When Anne Ford, great-granddaughter of Henry Ford, learned that her four-year-old daughter Allegra's "differences" were the result of severe learning disabilities, she faced a challenge that neither money nor position could ease. Desperate for answers, Anne sought out doctors, teachers, counselors, and others who could help her build a support network for herself and her daughter, while fighting the many common misconceptions and myths about learning disabilities.
Now, in this fiercely honest and compelling memoir, Anne tells her story, writing movingly of her feelings as the mother of a learning disabled child. "I grew to accept that life is filled with uncertainty and that answers to the most simple, yet profound, questions such as -What is wrong with my daughter?' can be elusive. I learned to be self-reliant in ways I never had before. I learned that every spark of optimism and hope was something to be nurtured and treasured because sometimes they were the only comfort available. And I learned that worry had entered my life."
In time, Anne Ford saw her daughter grow into a vibrant, loving, and independent adult with a passion for ice skating and a commitment to help other disabled children. Allegra Ford, now 32, lives independently and supported this book's publication so "it could help other kids." Anne's experience led her to become a tireless activist on behalf of children and families faced with LD, including her service as Chairman of the Board of the National Center for Learning Disabilities from 1989 to 2001, and the writing of this book with John-Richard Thompson, an award-winning playwright and novelist.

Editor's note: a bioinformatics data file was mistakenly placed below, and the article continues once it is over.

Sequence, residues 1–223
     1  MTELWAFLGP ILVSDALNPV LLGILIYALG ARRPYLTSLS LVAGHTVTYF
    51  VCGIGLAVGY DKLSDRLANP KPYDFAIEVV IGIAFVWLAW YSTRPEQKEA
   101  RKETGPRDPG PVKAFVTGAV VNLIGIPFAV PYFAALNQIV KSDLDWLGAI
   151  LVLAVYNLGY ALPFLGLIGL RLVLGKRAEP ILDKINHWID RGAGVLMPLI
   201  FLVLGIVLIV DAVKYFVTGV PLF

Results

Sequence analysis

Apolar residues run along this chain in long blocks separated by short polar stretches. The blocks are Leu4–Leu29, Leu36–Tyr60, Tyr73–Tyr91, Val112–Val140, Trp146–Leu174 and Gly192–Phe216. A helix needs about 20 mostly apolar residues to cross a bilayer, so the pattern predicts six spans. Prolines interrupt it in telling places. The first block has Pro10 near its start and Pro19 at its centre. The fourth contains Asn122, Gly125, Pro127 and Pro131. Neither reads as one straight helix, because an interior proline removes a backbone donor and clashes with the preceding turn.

In addition to Anne's personal story, Laughing Allegra includes four invaluable special sections:
Answers to the most commonly asked questions about LD
A resource guide on where to find help
A discussion from a mother's perspective on the challenges of homework, money, relationships, the work- place, and pl
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